March 2, 2022

Movers are a young American group from Georgia who manage to sound wonderfully modern while at the same time visibly influenced by the classic rock of the ‘70s, and first and foremost Rush. Those Rush influences are most evident in the opening and closing tracks of this six-track album. Opener and lead single, The Race opens with synth chords and a dynamic bass line which is enough to catapult you back to mid-period Rush, and to be precise to the soundscape of 1984’s Grace Under Pressure. The vocal phrasing and the clever construction of the song all hark back to that same Rush period. Despite the clear derivation, it’s a fine song all the same and could have sat unashamedly on Grace Under Pressure without being overshadowed.

This is the group’s sophomore effort. Last year’s debut self-titled album was a solid release, even if a little less polished and barely lasting thirty minutes. More than a third of that was taken up by a piece entitled (take a deep breath!) Marcus’ Desolation Chapter I: Earth’s Demise (I. Physical, II. Spiritual, III. Sun Song). In Futurist At The End Of Time, the album closes with Chapter II of the same story, this time in six parts, lasting fifteen minutes, and with the ridiculously long title of Marcus’ Desolation Chapter II: War Of The Heavens) (I. Overture, II. The Aether, III. Birth Of Marcus, IV. Marcus And Hades, V. Desolation, VI. Reconciliation). Ah, ‘they are copying Rush’s Cygnus X-1 trick of spreading a story across two albums’ I hear you cry, albeit with ‘chapters’ rather than ‘books’ which might hint at more episodes to come. Anyway, musically, this suite begins with a brilliant instrumental overture which lays out the main themes, all of which are infused with a guitar-driven ‘70s Rush sound. The overture concludes with a drum roll, and you sort of expect to hear the guys sing ‘And the meek shall inherit the Earth’ but instead we get distorted spoken words leading to an epic falling chord sequence and the piece then evolves in a more progressive rock style while still maintaining that Rush feel. Again, it’s a very well-constructed song which doesn’t drag in any way and it’s a fitting way to close the album.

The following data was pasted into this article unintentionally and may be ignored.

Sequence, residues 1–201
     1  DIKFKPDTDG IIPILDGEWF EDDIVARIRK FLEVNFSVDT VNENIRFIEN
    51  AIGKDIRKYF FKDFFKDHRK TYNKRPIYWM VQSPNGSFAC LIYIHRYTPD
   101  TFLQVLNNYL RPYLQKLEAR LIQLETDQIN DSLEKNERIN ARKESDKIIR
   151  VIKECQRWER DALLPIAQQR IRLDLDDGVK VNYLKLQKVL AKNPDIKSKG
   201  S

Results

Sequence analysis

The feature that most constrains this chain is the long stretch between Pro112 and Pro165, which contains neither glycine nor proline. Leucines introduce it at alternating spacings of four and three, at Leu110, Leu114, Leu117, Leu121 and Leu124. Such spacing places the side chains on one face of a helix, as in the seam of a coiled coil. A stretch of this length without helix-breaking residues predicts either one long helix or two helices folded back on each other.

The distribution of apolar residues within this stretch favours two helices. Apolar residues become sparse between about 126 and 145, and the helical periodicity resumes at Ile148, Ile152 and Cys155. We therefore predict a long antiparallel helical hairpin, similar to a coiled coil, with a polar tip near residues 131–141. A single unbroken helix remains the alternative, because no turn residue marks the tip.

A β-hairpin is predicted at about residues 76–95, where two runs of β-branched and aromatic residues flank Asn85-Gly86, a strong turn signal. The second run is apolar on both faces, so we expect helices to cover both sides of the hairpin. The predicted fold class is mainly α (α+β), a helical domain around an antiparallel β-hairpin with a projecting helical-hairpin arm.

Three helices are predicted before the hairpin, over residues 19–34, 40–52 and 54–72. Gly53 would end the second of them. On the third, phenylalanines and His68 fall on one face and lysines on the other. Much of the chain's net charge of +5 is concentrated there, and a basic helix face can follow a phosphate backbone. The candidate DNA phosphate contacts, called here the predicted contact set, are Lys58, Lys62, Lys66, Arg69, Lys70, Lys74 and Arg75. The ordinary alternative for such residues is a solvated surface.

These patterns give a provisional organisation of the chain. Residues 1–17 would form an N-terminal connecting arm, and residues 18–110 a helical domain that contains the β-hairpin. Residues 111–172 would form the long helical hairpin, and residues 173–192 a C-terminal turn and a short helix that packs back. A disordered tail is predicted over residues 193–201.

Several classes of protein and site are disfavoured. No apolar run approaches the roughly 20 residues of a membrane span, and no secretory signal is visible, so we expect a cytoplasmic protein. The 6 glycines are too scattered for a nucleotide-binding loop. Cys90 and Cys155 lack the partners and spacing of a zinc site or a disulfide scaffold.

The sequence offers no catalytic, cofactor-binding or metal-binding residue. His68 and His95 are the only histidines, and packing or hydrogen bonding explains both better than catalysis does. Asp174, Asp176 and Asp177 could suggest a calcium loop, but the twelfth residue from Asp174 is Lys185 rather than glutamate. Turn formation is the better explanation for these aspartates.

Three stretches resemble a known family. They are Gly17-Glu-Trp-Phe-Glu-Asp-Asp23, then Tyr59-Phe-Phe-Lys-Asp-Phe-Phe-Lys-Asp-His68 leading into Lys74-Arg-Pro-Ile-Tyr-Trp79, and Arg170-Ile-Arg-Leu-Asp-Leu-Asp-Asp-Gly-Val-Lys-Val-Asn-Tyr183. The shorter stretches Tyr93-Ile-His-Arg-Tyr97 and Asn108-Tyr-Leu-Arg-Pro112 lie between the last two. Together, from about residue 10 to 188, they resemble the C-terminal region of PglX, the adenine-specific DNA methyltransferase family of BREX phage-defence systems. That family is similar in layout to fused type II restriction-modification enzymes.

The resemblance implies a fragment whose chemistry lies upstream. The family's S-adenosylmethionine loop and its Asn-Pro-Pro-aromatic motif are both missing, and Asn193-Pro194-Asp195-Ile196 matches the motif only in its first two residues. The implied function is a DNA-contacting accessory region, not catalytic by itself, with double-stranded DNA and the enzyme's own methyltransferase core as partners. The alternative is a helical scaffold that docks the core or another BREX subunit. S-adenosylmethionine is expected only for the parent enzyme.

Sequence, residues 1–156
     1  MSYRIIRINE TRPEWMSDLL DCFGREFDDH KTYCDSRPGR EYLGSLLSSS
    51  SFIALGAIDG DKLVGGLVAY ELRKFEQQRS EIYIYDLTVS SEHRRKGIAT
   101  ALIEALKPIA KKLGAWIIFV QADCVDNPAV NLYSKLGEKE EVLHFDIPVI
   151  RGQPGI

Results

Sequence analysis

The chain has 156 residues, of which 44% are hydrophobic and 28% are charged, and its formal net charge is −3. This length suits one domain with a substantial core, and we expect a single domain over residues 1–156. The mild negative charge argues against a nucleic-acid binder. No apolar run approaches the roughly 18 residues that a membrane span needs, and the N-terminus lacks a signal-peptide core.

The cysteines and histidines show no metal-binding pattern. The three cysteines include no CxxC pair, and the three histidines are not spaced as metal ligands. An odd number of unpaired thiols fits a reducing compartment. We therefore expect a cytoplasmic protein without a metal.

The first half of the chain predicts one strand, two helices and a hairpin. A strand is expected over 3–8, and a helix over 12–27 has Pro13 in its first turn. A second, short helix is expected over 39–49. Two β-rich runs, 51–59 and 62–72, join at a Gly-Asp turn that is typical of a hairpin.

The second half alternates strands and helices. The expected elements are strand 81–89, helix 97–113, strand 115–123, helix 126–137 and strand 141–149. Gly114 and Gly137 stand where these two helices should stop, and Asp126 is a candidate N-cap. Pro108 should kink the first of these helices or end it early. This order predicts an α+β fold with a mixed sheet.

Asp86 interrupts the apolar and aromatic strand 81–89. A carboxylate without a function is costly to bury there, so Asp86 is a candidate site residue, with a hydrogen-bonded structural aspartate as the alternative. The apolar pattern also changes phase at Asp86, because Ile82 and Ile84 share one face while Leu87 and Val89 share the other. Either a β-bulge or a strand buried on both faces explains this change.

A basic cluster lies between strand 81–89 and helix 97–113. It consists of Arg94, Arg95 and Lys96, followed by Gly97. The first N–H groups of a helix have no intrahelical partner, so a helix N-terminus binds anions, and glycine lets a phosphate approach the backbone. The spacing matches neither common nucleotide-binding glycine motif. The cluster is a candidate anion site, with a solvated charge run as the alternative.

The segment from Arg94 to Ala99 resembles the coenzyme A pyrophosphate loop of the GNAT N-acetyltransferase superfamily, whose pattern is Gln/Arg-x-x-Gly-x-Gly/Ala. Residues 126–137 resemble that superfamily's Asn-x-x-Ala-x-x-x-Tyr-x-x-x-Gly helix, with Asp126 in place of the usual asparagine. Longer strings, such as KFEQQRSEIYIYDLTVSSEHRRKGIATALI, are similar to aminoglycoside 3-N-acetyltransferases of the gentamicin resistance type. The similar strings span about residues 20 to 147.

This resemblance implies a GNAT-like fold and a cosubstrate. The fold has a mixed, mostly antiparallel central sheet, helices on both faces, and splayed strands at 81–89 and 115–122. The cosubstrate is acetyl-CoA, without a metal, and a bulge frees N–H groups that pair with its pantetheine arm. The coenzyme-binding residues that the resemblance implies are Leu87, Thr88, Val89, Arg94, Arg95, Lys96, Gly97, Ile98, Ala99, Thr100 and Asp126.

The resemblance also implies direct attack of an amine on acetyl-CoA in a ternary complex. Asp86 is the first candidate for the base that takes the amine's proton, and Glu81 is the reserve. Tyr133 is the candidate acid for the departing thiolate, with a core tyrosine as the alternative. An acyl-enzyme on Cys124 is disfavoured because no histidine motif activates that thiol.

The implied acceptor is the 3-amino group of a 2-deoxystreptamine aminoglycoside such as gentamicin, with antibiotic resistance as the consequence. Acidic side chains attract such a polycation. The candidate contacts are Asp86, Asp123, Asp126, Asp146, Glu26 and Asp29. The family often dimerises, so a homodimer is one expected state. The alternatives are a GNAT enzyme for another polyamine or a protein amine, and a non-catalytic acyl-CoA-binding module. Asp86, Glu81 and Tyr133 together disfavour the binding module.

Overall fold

In comparison to that grandiose six-part epic, and perhaps rather oddly, the title track comes in at less than two minutes. It’s a simple piece consisting of vocals and acoustic guitars. It has a fine melody and shows another side of the band completely. In some ways, it plays the same important contrasting role as Wish You Were Here in Pink Floyd’s album of the same name. Speaking of Floyd, the other lengthy track, Spiders In The Woodwork, evolves out of a very Floydian soundscape before mixing heavier guitar and some jazzy keyboards in an intriguing combination.  All In Good Time also has more of a prog feel to it, this time the slow melodic piece reminding me of early Barclay James Harvest.

There’s something youthful and fresh about this music that’s quite infectious. They may not be a bona fide classic amongst these six songs, but there are no duds, and there’s plenty to enjoy. If like me, you listen to those old Rush albums thinking ‘they don’t make them like that anymore’, then listen to this because there are young bands out there that still do!